On Depression and Writing

Depression can take away a writer’s most precious tools: her words, and her desire to write them.

A typewriter in a black and white photo.

In July, I wrote my first piece of creative nonfiction since December 2017. It’s the first long-form essay that I’ve written since my most recent bout with depression.

Starting that essay marked the first time I actually wanted to write something, anything really, which tackled the hard things that have happened in my life that I’m still trying understand. This was one of many small moments when I felt like myself again. Like I could write how I wanted to. Like maybe, just maybe, I could be the person I knew I was but hadn’t been able to find. Like I finally found something that I thought would stay lost. Like writing hadn’t abandoned me like I had abandoned myself.

I have been depressed before, but I didn’t quite know it. No, that’s not quite honest, and I want to be honest. Let me try again: I knew depression was a possibility, but I didn’t want to give what was happening to me a name. If I didn’t name it, it couldn’t be depression. And if it couldn’t be depression, then my brain wasn’t broken. And if my brain wasn’t broken, then these periods were simply funks that I fell into that tore my world apart but only temporarily. They never happened quite frequently enough to convince me to do something. I always seemed to get over them until they happened again.

I’m just down, I would tell myself, which happens to everyone.

I’m just down, I would tell myself, which happens to everyone.

I could identify the contours of these funks: the unendingness of exhaustion; the lack of joy in anything I did; the fake smiles etched onto my face when all I wanted to do was hide or cry or some combination of both; the way in which everything became hard (impossible even); the desire to withdraw from the world or maybe just disappear without a trace; and how simple choices about what to eat or wear or do became choices I couldn’t make. I knew the funk had settled on me when my standard response to questions became “I don’t care,” “Whatever,” or “You decide.” I knew a funk was bad because of the consuming self-loathing that made me feel like a waste of human being who was a terrible partner, parent, daughter, sister, and writer.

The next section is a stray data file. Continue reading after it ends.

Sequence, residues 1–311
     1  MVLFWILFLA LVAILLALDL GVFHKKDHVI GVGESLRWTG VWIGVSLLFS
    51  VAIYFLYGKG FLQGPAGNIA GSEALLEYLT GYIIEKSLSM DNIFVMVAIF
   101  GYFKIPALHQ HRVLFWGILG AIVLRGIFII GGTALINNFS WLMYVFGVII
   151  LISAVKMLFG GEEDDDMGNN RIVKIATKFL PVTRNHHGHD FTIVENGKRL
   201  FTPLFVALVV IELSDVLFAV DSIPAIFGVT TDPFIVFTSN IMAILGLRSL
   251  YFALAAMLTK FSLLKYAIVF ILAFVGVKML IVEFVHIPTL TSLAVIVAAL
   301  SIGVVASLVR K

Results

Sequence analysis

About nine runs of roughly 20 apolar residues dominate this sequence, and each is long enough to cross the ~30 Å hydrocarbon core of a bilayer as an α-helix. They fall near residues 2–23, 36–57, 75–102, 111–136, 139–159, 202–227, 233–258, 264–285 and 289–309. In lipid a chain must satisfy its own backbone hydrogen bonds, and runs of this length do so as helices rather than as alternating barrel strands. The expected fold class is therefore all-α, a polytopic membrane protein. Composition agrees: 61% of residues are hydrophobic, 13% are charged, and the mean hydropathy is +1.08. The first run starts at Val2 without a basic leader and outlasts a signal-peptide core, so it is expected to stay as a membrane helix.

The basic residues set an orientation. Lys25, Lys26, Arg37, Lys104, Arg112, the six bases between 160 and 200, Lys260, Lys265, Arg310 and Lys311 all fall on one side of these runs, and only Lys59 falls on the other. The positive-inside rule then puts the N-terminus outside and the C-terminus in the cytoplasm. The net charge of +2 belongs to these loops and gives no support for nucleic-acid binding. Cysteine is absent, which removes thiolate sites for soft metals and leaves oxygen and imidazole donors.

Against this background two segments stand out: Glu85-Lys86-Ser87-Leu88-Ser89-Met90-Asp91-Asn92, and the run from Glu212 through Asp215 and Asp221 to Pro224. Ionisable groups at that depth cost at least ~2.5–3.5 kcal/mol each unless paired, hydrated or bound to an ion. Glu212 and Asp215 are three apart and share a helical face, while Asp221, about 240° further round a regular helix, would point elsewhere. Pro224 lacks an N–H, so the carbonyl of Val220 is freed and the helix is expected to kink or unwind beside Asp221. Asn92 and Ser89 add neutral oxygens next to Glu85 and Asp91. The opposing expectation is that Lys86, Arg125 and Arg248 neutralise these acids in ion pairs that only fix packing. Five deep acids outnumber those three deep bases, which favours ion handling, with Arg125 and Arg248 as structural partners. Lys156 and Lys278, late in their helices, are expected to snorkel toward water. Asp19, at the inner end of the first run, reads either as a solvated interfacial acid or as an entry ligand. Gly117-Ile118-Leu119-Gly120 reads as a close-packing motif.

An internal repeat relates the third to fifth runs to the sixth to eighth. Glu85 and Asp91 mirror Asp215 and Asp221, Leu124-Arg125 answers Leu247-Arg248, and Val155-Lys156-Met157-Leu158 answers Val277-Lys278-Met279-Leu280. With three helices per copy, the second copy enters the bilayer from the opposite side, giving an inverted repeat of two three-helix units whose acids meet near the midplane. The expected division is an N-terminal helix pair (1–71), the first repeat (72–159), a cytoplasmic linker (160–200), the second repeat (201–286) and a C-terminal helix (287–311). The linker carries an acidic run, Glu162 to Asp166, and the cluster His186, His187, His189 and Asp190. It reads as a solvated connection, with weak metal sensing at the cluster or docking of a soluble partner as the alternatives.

My hatred of everything, including myself, burned me from the inside out. All that was left was a shell of human being who had become very good at pretending nothing was wrong. I told everyone that everything was fine, even as I knew that nothing was. A funk might last a week, a few weeks, or maybe even a month. Usually, I could survive them because they didn’t last long. I would once again convince myself that they were temporary and fleeting. Everything was fine, if a funk would go away.

These funks passed me by, and I would move on. They were routine, and I got used to them. At least, I knew what they brought with them.

And yet, starting in December of 2017, a funk hit me and lingered. I finally admitted by May that it was actually depression, and it wouldn’t go away. I finally decided to get help. I finally decided to call depression by its name.

I finally decided to call depression by its name.

What I found was that I couldn’t write creatively if I was struggling just to be.

Now, some of you might note that I’ve written assignments and columns for my magazine and even published pieces in other magazines since December. From the outside, I appeared to be writing. I might have even appeared fine. After all, I made my deadline on a book that I was finishing. I wrote column after column. I even wrote for a magazine that I dreamed of writing for. And yet, all of these pieces were externally-driven writing with clear deadlines and editors who would have been disappointed in me if I didn’t finish an assignment. I don’t like to disappoint people. I remain a people pleaser, it seems, even when I’m depressed. When someone asked me to write for their magazine or site, I did. What wasn’t visible was how I struggled through each essay, each paragraph, each sentence, and each damned word.